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Boston Capital

Curt Schilling’s cash and credibility crisis

The photo looked like a snap from the glory days: Retired Red Sox great Curt Schilling surrounded by a swarm of reporters pressing in close with notebooks and cameras.

But there was nothing glorious about the scene this week, when Schilling met with Rhode Island economic officials scrambling to keep his 38 Studios computer gaming company afloat.

Those state officials were already on the hook for $75 million in business loan guarantees — one of the great bonehead economic development deals of recent history — and publicly questioning whether additional aid Schilling is seeking would amount to throwing good money after bad.


The idea of government officials using public money to prop up private enterprise drives a lot of people nuts, and I agree with them most of the time.

But what would Curt Schilling think? I’m not talking about the executive with a cup in his hand. What about the famous public figure with well-known views about politics and personal responsibility?

Schilling is a self-described conservative with a disdain for big government, which he considers intrusive and overbearing. He is a big believer in people helping themselves and solving their own problems.

A couple of lines from an old post on Schilling’s blog, 38 pitches, sums it up:

“If a conservative is down-and-out, he thinks about how to better his situation.

“A liberal wonders who is going to take care of him.”

Now Schilling is back with his hand out at a time when Rhode Island is dealing with double-digit unemployment and an economy so bad that many of its communities are in grave financial trouble. State officials are facing bigger problems than Schilling’s 38 Studios.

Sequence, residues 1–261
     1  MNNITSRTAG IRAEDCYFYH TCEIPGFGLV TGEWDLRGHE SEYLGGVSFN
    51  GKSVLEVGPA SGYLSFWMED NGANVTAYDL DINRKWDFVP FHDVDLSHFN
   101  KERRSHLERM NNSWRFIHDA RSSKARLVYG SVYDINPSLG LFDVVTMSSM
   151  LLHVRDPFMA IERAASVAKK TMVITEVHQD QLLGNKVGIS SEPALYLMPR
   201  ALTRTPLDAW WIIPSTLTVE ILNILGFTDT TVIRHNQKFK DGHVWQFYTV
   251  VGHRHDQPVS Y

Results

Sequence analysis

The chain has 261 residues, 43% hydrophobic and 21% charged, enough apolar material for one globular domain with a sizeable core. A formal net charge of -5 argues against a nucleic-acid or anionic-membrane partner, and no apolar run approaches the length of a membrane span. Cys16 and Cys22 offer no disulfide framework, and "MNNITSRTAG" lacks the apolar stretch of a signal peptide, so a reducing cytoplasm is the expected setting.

How does that square? Simple: It doesn’t.

Schilling and his company may have Rhode Island officials over a barrel but 38 Studios shouldn’t be their problem to solve. That would turn a poor decision into a disaster.


As bad as this picture looks, it’s important to point out some important details I don’t know. For starters, it’s not clear exactly how serious problems are at 38 Studios. Schilling asked Rhode Island officials for more aid this week, but no one has publicly explained how much or what form that assistance might take.

It also remained unclear what kind of money Schilling and other investors might have put up to help keep the software company afloat.

In the past, Schilling has described how he invested more than $30 million of his own money in the company. I don’t doubt that represents a big chunk of his personal worth.

Schilling moved his company from Massachusetts to Rhode Island in 2010 when that state offered to back him with $75 million in loan guarantees. The goal was to create jobs in Rhode Island and 38 Studios has hundreds of employees on its payroll.

The deal was a shocker because it was so rich and committed so much of the state’s available resources to a single venture. The economic program backing 38 Studios could only extend a total of $125 million to all companies involved. Massachusetts officials looked at the deal and knew there was no way they could — or should — try to match it.

State officials who back young, developing companies with big money are almost always making an expensive mistake. They see big objectives — reviving employment or fostering new industries — but don’t have any business or the necessary skills to pick individual companies to support. Public money is better spent creating infrastructure and other common resources to attract business and industry.


But Rhode Island is hardly the only state to make that mistake. No one in Massachusetts should forget Evergreen Solar Inc., which won $58 million in commitments from Governor Deval Patrick before closing up shop in Devens. A123 Systems, the Watertown battery company that received huge incentives to build a factory in Michigan, is facing business problems so serious it hired financial advisers this week.

No one should blame Schilling for taking Rhode Island up on its original generous offer. It was a great business deal and he took it. Who wouldn’t?

What happens next is another story and it is still unfolding. Incredibly, the state on Thursday returned a check from 38 Studios for $1.1 million owed because the company didn’t have the money to cover it.

Everyone should hope Curt Schilling and 38 Studios find a way to pull through. He shouldn't expect government — and taxpayer money — to provide the solution.

Steven Syre is a Globe columnist. He can be reached at syre@globe.com.